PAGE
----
Alcohol Dependence and Withdrawal: Are You at Risk?

Naloxone: The antidote for opiate overdose

Will a Prescription Monitoring Program Help Combat Addiction?

 



Find the program that works for you. There are many options for recovery with different philosophies and approaches, in-person meetings, online support, books, etc… AA meetings are practically everywhere but aren’t for everyone. Don’t let that hold up your healing.

 

Please share this list of resources and help spread the word about alternative programs so we can reach the people that may need this.

 

What have you, or a loved one, found to be helpful for addiction recovery? What programs, books, or resources am I missing? Let me know so I can add them to the list.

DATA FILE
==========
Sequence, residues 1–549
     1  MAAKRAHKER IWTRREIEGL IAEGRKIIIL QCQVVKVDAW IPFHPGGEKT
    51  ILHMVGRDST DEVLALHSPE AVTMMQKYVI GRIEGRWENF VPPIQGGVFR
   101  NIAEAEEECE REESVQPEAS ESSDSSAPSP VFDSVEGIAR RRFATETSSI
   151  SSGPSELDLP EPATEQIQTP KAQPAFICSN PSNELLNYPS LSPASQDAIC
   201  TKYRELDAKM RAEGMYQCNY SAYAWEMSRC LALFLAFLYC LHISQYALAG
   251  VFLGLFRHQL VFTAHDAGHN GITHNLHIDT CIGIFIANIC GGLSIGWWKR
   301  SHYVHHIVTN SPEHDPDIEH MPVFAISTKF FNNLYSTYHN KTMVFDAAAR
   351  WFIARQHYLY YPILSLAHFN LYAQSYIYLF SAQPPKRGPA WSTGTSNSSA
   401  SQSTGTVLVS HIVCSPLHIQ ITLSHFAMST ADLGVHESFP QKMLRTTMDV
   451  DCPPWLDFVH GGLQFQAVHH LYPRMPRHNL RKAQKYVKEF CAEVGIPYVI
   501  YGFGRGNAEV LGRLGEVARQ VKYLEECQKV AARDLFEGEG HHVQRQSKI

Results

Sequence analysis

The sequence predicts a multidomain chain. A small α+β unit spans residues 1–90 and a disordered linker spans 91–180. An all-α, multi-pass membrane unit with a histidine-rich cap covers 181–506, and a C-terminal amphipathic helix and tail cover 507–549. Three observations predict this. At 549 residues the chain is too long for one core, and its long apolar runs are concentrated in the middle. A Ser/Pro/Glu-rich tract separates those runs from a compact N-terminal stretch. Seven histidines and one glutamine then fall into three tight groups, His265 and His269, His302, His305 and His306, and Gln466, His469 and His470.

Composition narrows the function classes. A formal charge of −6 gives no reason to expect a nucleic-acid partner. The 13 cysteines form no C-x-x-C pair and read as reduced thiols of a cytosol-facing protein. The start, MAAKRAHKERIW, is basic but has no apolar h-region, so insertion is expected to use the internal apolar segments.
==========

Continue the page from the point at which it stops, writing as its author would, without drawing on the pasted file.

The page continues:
Naloxone: The antidote for opiate overdose

We can do more to stop the surge of deaths from opiate overdose. Naloxone is an opiate overdose treatment. It is an antidote that can be used to reverse an opiate overdose (like a heroin overdose). Did you know that over 33,000 people in the United States died from opiate overdoses in 2015? In Connecticut alone there were 723 opiate overdoses in 2015, 444 of them were fatal. According to the CDC, drug overdoses are the leading cause of death of Americans under 50 years old.

 

Ambulances and hospitals have been treating overdoses with Naloxone for decades.  Given the current opiate epidemic, steps have been taken to make Naloxone more accessible to the general public. Naloxone can save the life of a person who is overdosing on an opiate.


Opiate Overdose TreatmentHow do I know someone is having an opiate overdose?

If a person with a known history of opiate use is showing any combination of the following symptoms seek immediate medical attention by calling 911. The chances of surviving an overdose are significantly increased if Naloxone is immediately provided.

Opiate overdose symptoms: